[cutesy bells ring]
AMY: Every episode, we wrap it up by letting you guys know what we’re recommending for your read, watch, and listen. I have your read pick today, and it is the memoir Heavy by Kiese Laymon, my thesis adviser. [laughs] I’m not just recommending it because I’m a student but because this is an incredible book. This book is just so many things, and at its core, it’s about reckoning with oneself. And Kiese just digs so fucking deep. This book explores his childhood with his mother and grandmother in Jackson, Mississippi, how these real issues have sort of spilled into his weight, both physically and metaphorically and the ways that addictions have grown from it and the role that addictions have played in the lives of his family members. There’s just so many layers to this book. Like any sort of just a human being, that I can’t do justice by explaining it. It just feels like a truth that he had to write. I just can’t speak enough about Kiese, not just as a writer but as a thinker and the way he thinks about love and harm and destruction and how we think about it to ourselves.
And he’s also actually touring the U.S. right now, and I implore you to check out his tour dates, and if he’s anywhere near where you are and you get a chance to see him read and talk, he’s just such an incredible presence and thinker. And he’s just so fucking humble too. But please check out this book. It is called Heavy: An American Memoir by Kiese Laymon.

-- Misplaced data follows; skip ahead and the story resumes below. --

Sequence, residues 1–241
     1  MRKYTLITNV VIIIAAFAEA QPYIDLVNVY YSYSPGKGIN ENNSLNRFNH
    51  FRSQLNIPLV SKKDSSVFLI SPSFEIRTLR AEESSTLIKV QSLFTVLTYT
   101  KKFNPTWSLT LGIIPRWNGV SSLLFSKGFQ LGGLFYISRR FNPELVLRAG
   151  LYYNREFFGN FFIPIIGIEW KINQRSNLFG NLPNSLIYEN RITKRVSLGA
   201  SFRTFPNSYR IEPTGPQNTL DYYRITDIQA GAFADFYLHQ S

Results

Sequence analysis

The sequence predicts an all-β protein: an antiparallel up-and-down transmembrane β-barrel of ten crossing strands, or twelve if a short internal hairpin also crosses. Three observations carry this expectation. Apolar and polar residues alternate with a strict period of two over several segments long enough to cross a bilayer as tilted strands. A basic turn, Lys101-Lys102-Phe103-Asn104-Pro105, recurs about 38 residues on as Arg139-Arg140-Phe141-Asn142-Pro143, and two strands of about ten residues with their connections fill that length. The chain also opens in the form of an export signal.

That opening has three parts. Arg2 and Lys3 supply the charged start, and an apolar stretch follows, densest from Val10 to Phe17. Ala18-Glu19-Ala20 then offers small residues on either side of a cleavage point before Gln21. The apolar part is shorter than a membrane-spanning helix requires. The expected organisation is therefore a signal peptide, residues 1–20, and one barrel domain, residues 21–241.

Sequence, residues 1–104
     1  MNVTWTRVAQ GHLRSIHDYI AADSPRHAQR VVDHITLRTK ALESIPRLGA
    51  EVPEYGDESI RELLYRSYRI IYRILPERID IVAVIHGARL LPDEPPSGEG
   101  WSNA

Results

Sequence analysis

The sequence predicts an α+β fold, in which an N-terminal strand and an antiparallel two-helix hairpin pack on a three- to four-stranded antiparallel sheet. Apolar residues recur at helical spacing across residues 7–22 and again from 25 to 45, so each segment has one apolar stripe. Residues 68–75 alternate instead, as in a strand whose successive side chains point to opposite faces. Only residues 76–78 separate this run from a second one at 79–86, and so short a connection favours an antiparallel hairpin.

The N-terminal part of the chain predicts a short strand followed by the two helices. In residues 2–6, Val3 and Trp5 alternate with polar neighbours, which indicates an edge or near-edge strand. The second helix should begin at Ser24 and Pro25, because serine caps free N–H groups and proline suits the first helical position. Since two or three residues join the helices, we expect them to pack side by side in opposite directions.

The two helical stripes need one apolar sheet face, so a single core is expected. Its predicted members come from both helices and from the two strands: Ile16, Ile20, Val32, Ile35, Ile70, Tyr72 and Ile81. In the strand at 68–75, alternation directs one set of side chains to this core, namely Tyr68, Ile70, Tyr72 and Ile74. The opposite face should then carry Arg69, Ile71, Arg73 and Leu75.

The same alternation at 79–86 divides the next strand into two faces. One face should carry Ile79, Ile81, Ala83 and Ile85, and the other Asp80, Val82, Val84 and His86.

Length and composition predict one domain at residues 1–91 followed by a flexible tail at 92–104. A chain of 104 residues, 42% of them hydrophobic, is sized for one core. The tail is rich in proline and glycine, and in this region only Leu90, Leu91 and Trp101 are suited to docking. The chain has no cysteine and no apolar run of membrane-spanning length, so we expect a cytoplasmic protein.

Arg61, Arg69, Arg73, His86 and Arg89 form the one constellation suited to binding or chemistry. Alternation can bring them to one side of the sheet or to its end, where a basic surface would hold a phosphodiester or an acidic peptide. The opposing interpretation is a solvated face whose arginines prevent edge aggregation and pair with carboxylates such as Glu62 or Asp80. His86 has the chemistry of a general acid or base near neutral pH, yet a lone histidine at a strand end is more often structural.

DAHLIA: I am on pins and needles about my watch pick. This weekend the remake of Suspiria comes out. Suspiria is one of my all-time favorite horror movies. It is a really, really vibrantly colored, really scarily scored movie about a young ballerina who is in a ballet academy run by witches. Could there be a better plot? No, there could not be a better plot. It’s being directed by the director of Call Me By Your Name. So, I’m very excited on that note. Also Tilda Swinton is gonna be the head witch. And! Dakota Johnson is playing the lead. And I don’t know what to think about that because I saw all of the Fifty Shades of Grey movies, and I really hated them a lot. So, I really want to love Suspiria. I’m very hopeful, and I’m gonna see it. Wish me luck.
AMY: And my song pick: it as a track called Chalo by the artist—and I hope I’m saying their name right—it is Kohinoorgasm. [chuckles] I really love this song because I love the video. The song is so dreamy and pulsing and perfectly weird, and I learned about this track because the video’s director, Jing Niu, visited our campus recently to talk about her work. But it’s just such a beautiful track, and we thought that we should end this sort of scary, creepy episode with something more lighthearted. So, please enjoy this track. Thank you for listening.
DAHLIA: Thanks for listening.
[Chalo plays: a hazy, beautiful dreamy song with angelic Hindi vocals]
Thanks for listening to Backtalk. This show is produced by Ashley Duchemin. Bitch Media is a reader- and listener-supported feminist nonprofit. If you wanna support the show and our work, please head over to Bitchmedia.org and donate.